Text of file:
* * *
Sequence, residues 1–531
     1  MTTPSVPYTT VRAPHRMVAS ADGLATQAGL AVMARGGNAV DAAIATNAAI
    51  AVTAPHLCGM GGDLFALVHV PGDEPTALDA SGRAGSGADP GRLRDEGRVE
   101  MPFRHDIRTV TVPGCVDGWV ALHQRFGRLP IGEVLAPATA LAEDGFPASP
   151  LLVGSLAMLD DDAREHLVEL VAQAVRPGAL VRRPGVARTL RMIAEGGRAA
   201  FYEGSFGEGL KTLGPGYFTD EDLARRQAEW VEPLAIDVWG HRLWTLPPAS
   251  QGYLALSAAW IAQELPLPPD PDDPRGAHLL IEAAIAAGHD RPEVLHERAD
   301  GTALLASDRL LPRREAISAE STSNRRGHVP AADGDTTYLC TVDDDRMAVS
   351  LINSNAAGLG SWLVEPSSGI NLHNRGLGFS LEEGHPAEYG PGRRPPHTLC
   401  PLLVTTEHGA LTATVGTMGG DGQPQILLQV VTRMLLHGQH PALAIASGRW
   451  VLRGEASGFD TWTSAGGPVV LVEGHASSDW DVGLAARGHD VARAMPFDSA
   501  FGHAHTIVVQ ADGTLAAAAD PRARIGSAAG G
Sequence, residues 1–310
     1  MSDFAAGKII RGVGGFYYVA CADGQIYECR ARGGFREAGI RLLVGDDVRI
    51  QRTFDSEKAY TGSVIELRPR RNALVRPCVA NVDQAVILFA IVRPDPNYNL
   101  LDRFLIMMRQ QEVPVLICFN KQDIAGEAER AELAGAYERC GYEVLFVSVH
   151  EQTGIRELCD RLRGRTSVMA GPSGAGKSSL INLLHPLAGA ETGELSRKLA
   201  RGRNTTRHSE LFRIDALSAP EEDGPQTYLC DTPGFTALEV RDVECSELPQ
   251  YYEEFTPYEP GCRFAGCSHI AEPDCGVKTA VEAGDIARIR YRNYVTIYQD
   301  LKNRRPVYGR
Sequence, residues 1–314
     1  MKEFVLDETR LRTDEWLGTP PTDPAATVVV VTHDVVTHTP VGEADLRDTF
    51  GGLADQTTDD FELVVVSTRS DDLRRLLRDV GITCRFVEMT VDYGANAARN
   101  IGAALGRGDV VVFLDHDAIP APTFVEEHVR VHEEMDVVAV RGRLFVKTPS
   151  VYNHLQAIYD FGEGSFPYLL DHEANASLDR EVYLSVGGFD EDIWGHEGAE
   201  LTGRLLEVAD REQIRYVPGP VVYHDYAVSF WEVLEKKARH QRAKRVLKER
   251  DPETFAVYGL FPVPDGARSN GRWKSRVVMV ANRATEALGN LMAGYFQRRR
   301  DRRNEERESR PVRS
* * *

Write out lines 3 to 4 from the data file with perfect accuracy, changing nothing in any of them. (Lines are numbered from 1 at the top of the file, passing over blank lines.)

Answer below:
    51  AVTAPHLCGM GGDLFALVHV PGDEPTALDA SGRAGSGADP GRLRDEGRVE
   101  MPFRHDIRTV TVPGCVDGWV ALHQRFGRLP IGEVLAPATA LAEDGFPASP